Development of activatable antibodies targeting CD133 for enhanced cancer stem cell selectivity


Bentanachs Raset, Jordi


Glioblastoma multiforme (GBM) is the most malignant primary brain tumor and is currently incurable. One of the main obstacles to the treatment of this type of tumor is the presence of cancer stem cells (CSC), which have chemoresistance and the ability to induce new tumors once the treatment is finished. Therapies targeting CSC have several drawbacks, such as the fact that receptors overexpressed on these cells are also present on healthy stem cells. In order to face this problem, we will generate a nanotherapy that selectively administers the tumor. To do this, we are going to create an activatable antibody that binds to CD133, the most studied extracellular marker in CSCs. This final degree project is part of a European project that aims to generate a targeted gene nanotherapy capable of eliminating CSCs for the treatment of GBM. First, I will review the available strategies to make the antibodies activatable, and then I will describe and discuss my contribution to generating an activatable anti-CD133 antibody.
In the first part of this study, we review the different strategies for developing activatable antibodies and their potential in therapeutic applications, as well as in diagnostics, chromatography, and basic research. Activatable antibodies are conventional antibodies designed to control their activity through specific stimuli. Strategies for conferring such a response to the stimulus can range from modification of a single amino acid to more drastic modifications that alter the entire structure. A wide range of stimuli have been used to control antibody activity, including proteases, phosphatases, pH, light, effector molecules, ions, and temperature.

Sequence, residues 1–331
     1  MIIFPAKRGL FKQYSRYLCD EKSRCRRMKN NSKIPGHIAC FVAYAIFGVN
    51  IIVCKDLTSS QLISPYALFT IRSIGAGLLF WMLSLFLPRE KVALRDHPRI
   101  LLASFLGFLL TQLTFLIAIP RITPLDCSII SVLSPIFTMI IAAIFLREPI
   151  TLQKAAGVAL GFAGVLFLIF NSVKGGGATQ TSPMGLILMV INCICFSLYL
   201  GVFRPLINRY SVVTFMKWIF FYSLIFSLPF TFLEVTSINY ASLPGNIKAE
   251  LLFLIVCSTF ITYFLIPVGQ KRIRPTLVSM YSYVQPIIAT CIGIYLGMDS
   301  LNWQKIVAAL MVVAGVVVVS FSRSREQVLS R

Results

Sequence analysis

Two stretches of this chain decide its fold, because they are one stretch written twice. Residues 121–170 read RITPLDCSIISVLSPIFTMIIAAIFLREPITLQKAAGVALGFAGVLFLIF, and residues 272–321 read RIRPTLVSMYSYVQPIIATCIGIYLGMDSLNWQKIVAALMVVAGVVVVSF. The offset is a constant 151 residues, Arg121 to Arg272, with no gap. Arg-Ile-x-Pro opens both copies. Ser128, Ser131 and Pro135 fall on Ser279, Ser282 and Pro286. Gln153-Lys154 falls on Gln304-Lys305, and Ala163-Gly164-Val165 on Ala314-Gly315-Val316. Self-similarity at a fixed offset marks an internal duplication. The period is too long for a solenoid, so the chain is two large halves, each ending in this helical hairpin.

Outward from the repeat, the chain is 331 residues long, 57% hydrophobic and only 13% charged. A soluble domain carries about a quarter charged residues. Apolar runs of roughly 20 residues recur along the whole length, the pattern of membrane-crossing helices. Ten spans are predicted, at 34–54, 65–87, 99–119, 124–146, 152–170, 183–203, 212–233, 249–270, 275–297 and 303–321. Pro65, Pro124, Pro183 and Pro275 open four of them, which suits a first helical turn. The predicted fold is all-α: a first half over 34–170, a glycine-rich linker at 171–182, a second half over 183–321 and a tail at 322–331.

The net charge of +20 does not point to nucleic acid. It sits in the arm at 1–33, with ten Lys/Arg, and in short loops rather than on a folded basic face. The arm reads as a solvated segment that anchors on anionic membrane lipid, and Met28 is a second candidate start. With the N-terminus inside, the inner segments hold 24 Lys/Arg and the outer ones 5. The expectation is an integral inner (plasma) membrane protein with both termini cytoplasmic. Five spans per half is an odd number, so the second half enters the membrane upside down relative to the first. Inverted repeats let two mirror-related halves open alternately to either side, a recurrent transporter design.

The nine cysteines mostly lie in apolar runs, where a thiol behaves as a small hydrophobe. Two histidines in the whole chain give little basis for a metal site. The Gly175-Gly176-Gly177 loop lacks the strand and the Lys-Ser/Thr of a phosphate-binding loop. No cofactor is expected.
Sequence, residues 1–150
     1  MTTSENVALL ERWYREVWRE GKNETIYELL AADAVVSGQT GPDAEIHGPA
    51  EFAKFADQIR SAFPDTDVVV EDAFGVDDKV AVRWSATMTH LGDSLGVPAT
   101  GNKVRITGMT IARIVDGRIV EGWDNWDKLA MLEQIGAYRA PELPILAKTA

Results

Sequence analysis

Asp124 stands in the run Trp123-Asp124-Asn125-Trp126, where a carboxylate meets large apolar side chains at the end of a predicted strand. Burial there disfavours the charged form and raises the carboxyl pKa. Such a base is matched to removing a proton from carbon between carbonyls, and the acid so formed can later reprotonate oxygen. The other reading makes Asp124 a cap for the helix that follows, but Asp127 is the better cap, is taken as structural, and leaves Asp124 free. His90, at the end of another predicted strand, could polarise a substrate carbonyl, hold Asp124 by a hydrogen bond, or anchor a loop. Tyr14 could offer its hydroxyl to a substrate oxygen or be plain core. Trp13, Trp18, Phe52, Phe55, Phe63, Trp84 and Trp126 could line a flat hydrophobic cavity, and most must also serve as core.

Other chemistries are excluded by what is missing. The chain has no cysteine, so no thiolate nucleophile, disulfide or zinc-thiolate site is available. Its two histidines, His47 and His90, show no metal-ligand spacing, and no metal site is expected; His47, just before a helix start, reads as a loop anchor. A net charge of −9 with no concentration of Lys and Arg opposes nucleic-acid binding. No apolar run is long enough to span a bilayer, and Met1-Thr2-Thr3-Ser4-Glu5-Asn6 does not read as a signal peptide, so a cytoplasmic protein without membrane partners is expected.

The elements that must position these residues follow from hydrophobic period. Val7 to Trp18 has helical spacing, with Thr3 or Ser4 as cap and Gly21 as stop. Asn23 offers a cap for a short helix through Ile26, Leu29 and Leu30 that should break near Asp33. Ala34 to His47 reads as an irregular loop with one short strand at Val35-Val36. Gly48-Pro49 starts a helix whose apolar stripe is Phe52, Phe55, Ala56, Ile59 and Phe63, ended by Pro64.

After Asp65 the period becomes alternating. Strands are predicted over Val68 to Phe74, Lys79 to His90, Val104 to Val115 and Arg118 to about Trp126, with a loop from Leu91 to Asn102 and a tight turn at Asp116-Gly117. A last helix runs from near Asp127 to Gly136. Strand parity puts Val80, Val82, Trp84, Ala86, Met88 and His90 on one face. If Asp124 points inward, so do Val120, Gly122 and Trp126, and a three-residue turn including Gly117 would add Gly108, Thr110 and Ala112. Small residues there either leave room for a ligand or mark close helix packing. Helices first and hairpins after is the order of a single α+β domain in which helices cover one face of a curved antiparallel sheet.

In the second part of this study, we applied one of the antibody activation strategies with the greatest potential in immunotherapy to generate a protease-dependent anti-CD133 single chain antibody fragment (scFv). This technique is based on masking the antigen-binding region with a peptide, which mimics the epitope, which binds to the antibody through a sequence sensitive to tumor proteases. In this project, three protease-dependent scFv variants are cloned and one of them is expressed and purified. Finally, the first steps to evaluate the binding of anti-CD133 scFv in cells are presented.



Oller Salvia, Benjamí


IQS SE - Undergraduate Program in Biotechnology